Carry out a roll call as soon as possible at the designated assembly point(s), and/or receive reports from wardens designated to ‘sweep’ the premises. You should note any people who are unaccounted for.

In a real evacuation this information will need to be passed to the fire and rescue service on arrival.

Check That People Have Assembled at the Evacuation Point

Once the roll call is complete or all reports have been received, allow people to return to the building. If the fire warning system is monitored inform the alarm receiving centre that the drill has now been completed and record the outcomes of the drill.

In premises where residents may not be fully aware of what is happening (due to age, or mental impairment) then staff will have to act on their behalf. It is also possible that some residents will wander away from the assembly point and this should be monitored, and if possible controlled.

Monitoring and Debrief

Throughout the drill the responsible person and nominated observers should pay particular attention to:

  • Difficulties in moving, or the time taken to move, non- or semi-ambulant residents.
  • Communication difficulties with regard to the roll call and establishing that everyone is accounted for.
  • The use of the nearest available escape routes as opposed to common circulation routes.
  • Difficulties with the opening of final exit doors.
  • Difficulties experienced by people with disabilities.
  • The roles of specified people, e.g. fire wardens.
  • Inappropriate actions, e.g. stopping to collect personal items, attempting to use lifts, etc.
  • Windows and doors not being closed as people leave.

On-the-spot debriefs are useful to discuss the fire drill, encouraging feedback from everybody.

Later, reports from fire wardens and observations from people should be collated and reviewed. Any conclusions and remedial actions should be recorded and implemented.


  1. Belinda Iyavoo

    We would like to enquire whether your company provide services for fire drill on site.

  2. Peter, we also have a need for help on the ground arranging fire drill, we have a small number of care facilities in the north west, providing nursing care and dementia care both very difficult to organise fire drills in due to the lack of mobility and capacity of our service users, I realise we are well of your patch but do you know of someone who could provide a service for us, we are in Liverpool.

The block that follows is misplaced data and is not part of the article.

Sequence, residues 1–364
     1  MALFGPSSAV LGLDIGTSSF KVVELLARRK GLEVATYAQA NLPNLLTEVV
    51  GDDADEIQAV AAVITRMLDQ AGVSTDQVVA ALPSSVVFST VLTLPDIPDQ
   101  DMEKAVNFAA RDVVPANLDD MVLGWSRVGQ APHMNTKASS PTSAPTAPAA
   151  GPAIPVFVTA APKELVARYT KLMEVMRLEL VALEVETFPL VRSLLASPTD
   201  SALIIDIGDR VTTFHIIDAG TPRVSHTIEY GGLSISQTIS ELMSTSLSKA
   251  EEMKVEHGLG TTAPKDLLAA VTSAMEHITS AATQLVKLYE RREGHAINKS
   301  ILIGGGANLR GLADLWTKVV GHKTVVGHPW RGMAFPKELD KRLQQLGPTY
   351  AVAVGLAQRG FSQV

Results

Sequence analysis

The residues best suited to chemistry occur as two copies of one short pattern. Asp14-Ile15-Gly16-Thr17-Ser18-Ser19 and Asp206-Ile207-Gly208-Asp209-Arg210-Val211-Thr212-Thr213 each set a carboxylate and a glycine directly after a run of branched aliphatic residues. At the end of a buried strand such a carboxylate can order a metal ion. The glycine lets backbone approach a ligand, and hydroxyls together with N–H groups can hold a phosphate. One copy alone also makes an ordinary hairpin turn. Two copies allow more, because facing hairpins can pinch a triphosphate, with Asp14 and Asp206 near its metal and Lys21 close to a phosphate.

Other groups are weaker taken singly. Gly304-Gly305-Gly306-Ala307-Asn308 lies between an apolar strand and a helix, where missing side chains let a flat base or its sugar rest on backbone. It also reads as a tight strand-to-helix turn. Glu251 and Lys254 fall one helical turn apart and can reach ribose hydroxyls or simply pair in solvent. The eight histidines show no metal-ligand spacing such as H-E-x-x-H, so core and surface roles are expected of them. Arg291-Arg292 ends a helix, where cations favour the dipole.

• Peter Tremayne

      Hi Jon,
      Yes you are so right regarding the difficulties associated with conducting evacuation drills.
      Unfortunately I don’t know, and couldn’t recommend anyone from your end of the country.
      What I would suggest is this: Try to conduct a drill using some of the residents who might be cooperative with you.
      Try and involve friends/relatives of the residents. They may be pleased you’re being so proactive. If you are unable to conduct a full evacuation, try evacuating say the ground floor, or a certain area of the building. Then next time, a different area. You could also conduct a table-top style exercise that may highlight what problems you may face, especially at night. I have been to dozens of care homes and only 1 or 2 have even attempted evacuation drills. Government guidelines recommend you should conduct them at least once a year; one during the day and one at night (or to simulate night time conditions with the number of staff etc.) Document everything – dates, timings, what went well and what didn’t etc.
      Whatever you do will be more than most.
      Hope this helps.

      Please note, this is not official advice and only my personal views/thoughts. Please refer to the government guidelines regarding fire safety: